I love the cozy, yet classy ambiance of Café Madrid. This award-winning gem of a restaurant has been featured in Bon Appétit magazine. But that's not why I go there. I return because the owners, in particular Gabrielle McAfee and her brother J.C. Pino make me feel like family. Pino instructs customers to "get messy," encouraging the use of fresh rolls for sopping up Café Madrid's luscious sauces and mixing and matching various croquettes with those accompanying sauces. Start with small, tender black mussels in a rich, roasted red pepper and tomato sauce or make an entire meal of classic Spanish tapas like croquetas, gambas con bacon, piquillo rellenos, butifarritas and tortilla Española. Seafood "lasagna" is wonderful: Layers of tilapia and shrimp snuggled between sheets of pasta with a light, creamy tomato sauce comes to the table in the small pan in which it was baked. All that's left is to order a glass or bottle of wine from the extensive Spanish wine list.
2080 E. 3900 South, Salt Lake City, 801-273-0837, CafeMadrid.net

Café Trio
In warm weather, it's hard to beat Café Trio for al fresco dining. The patio is typically bustling with energy. Kick off a meal with Trio's famous rosemary flatbread or a bowl of steamed Manila clams. Then, launch into more substantial fare such as the wood-roasted natural chicken, pork tenderloin picatta, or cedar-roasted wild salmon. I'm also drawn to Café Trio's no-nonsense, economical wine list. For kids and kids-at-heart, Trio offers tempting desserts like Toll House pie and warm apple cobbler. For adults, there's an equally tempting array of dessert martinis. And on weekends, Café Trio ought to be at the top of your list of brunch destinations.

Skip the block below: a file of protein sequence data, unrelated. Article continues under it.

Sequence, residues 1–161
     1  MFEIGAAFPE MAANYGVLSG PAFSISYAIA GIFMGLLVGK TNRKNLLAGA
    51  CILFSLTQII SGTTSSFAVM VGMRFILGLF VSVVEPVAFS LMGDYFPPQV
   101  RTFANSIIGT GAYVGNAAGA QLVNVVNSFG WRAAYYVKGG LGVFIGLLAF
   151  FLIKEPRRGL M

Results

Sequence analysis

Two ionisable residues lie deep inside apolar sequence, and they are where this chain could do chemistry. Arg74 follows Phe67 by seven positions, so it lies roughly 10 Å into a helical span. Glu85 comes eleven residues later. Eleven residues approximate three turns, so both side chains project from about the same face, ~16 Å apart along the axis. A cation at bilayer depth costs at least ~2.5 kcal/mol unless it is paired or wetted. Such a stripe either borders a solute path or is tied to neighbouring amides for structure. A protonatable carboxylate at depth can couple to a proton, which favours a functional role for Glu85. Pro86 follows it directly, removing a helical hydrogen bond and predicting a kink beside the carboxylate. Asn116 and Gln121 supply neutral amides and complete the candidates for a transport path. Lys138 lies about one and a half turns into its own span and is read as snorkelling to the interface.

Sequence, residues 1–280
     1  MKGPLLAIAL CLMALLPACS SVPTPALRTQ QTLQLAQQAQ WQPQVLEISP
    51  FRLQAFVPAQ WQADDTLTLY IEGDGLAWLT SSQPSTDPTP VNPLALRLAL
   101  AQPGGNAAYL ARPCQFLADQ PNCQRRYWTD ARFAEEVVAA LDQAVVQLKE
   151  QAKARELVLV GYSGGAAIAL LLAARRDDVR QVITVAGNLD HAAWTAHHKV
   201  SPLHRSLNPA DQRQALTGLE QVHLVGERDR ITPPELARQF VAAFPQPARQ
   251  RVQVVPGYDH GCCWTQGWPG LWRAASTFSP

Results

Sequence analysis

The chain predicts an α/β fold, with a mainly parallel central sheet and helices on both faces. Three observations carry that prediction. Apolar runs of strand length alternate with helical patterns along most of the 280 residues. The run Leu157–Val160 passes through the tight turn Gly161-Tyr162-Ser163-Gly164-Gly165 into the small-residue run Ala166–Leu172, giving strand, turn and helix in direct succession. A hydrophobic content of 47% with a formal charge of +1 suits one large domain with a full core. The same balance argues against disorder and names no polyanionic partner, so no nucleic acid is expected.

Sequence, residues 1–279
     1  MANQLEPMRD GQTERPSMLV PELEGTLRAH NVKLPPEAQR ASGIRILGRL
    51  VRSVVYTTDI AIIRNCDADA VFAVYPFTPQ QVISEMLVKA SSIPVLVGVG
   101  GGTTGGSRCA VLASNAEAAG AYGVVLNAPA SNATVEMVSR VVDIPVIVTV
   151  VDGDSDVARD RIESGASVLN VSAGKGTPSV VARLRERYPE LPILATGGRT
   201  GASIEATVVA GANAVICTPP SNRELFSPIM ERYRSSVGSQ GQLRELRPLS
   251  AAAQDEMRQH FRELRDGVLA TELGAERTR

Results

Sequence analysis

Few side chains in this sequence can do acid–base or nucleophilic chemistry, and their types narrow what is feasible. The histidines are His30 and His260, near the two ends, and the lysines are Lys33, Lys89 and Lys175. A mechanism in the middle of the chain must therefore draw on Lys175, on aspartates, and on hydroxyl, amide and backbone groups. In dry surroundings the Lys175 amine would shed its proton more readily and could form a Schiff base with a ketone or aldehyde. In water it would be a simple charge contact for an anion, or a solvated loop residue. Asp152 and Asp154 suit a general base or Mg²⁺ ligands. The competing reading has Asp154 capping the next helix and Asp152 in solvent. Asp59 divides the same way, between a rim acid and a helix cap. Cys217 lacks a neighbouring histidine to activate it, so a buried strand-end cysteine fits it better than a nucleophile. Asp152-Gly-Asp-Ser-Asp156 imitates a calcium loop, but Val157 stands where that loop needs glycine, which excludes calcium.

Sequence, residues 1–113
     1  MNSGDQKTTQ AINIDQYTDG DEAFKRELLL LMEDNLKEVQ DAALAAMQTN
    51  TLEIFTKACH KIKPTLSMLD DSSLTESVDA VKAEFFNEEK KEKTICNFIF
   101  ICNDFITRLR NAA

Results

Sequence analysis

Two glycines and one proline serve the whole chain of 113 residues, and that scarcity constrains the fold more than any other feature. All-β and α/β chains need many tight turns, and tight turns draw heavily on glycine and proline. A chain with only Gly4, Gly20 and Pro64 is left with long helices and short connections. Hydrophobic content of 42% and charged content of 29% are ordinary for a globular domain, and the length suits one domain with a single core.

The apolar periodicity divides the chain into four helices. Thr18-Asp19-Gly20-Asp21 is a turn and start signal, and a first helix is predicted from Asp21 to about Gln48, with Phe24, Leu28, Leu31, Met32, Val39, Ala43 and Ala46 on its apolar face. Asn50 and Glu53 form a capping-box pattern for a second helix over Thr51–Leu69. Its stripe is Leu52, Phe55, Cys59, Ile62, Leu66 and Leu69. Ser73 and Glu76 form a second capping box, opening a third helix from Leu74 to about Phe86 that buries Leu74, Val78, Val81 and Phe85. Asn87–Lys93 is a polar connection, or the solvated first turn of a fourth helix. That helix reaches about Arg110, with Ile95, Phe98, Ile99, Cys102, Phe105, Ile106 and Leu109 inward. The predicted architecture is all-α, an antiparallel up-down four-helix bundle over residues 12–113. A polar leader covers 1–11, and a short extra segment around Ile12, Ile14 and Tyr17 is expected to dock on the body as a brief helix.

680 S. 900 East, Salt Lake City, 801-533-8746, TrioDining.com

Caffe Molise
Pre-concert, theater, conference, sporting event, symphony, opera or pre-nothing at all, Caffe Molise is a terrific downtown spot to indulge in Italian cuisine inspired by the Molise region of south-central Italy. Chef/owner Fred Moesinger's menu tempts diners with dishes such as polenta con fungi, bistecca, pollo Marsala, gamberi alla puttanesca, and orecchiette al salsiccia, all supplemented by an ambitious selection of Italian and domestic wines. And, Caffe Molise lasagna is all but legendary. During warm weather, the outside pocket-park patio is a popular dinner spot, and the John Flanders jazz trio brings in the crowds on Fridays.
55 W. 100 South, Salt Lake City, 801-364-8833, CaffeMolise.com

Caffé Niche